After making inroads into mobile networking with its RAN accelerators, Nvidia is keen for its chips and AI tech to play a bigger, more pivotal role in 6G.

Nick Wood

March 18, 2024

2 Min Read

During its annual GTC AI event, Nvidia took the wraps off its new 6G Research Cloud Platform, a three-pronged approach to putting itself right in the thick of the action.

Prong number one is a digital twin that can accurately simulate 6G systems, from a single mobile tower to a city-scale deployment. Called the Nvidia Aerial Omniverse Digital Twin for 6G, researchers can use it to build base station algorithms based on site-specific data, which can train AI to improve transmission efficiency in real time.

The second prong is Nvidia's Aerial CUDA-Accelerated RAN, a software-defined, full RAN stack that researchers can play around with – customising, programming, and testing 6G networks – also in real time.

Last but not least is prong number three: the Nvidia Sionna Neural Radio Framework. This enables developers to use Nvidia GPUs to generate and capture training data – including data generated by Nvidia's Sionna 5G and 6G physical layer simulation tool – which can be fed into deep learning models built and developed on the PyTorch and TensorFlow deep learning frameworks.

"The massive increase in connected devices and host of new applications in 6G will require a vast leap in wireless spectral efficiency in radio communications," said Ronnie Vasishta, SVP of telecom at NVIDIA. "Key to achieving this will be the use of AI, a software-defined, full-RAN reference stack and next-generation digital twin technology."

This latest raft of new solutions, packaged together as the 6G Research Cloud Platform, could give Nvidia a more fundamental role in the development of next-gen mobile tech, rather than a supporting role. It also gives Nvidia an opportunity to showcase its capabilities to the telecoms industry.

On that note, Nvidia reeled off an impressive list of first adopters and ecosystem partners.

Nokia, Softbank, Samsung and Fujitsu are perhaps the highest-profile telco names on this list. Test and measurement firms Viavi and Keysight are involved too, as is kit maker Rohde & Schwarz. Two academic institutions – ETH Zurich and Northeastern University – as well as simulation software specialist Ansys have also partnered with Nvidia.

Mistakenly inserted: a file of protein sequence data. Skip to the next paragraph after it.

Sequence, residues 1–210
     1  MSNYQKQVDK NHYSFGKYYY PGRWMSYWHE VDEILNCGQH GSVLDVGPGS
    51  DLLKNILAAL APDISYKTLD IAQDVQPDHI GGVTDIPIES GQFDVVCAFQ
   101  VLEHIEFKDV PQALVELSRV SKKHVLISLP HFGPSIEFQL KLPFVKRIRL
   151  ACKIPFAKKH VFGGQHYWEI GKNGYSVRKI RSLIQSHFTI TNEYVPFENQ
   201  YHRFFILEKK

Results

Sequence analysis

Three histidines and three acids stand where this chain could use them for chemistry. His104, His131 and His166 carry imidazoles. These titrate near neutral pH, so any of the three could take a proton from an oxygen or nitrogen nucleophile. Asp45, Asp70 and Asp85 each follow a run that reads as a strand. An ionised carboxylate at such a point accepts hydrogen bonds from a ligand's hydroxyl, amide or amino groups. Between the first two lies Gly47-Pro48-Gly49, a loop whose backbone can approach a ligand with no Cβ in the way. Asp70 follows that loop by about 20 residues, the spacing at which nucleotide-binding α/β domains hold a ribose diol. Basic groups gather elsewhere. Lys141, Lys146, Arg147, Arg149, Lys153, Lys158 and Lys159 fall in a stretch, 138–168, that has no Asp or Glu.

These new partners offered up some suitably supportive statements backing Nvidia's efforts.

In addition to putting 6G near the top of its GTC agenda, Nvidia also had a big presence again at Mobile World Congress this year. It's a member of the newly-formed AI-RAN Alliance – which was announced on the eve of the show – and it also struck a broad AI partnership with Telenor. Nvidia's global head of business development for telco, Chris Penrose, also sat down with to discuss telco AI.

Nvidia's telecoms strategy needed recalibrating after its bid to acquire chip designer Arm was blocked. Now, thanks to generative AI hype and its aim to be a telco AI enabler – not to mention its RAN acceleration hardware, and its bid to get in on the ground floor of 6G development – we are beginning to see the results of Nvidia's recalibrated strategy.

About the Author(s)

Nick Wood

Nick is a freelancer who has covered the global telecoms industry for more than 15 years. Areas of expertise include operator strategies; M&As; and emerging technologies, among others. As a freelancer, Nick has contributed news and features for many well-known industry publications. Before that, he wrote daily news and regular features as deputy editor of Total Telecom. He has a first-class honours degree in journalism from the University of Westminster.

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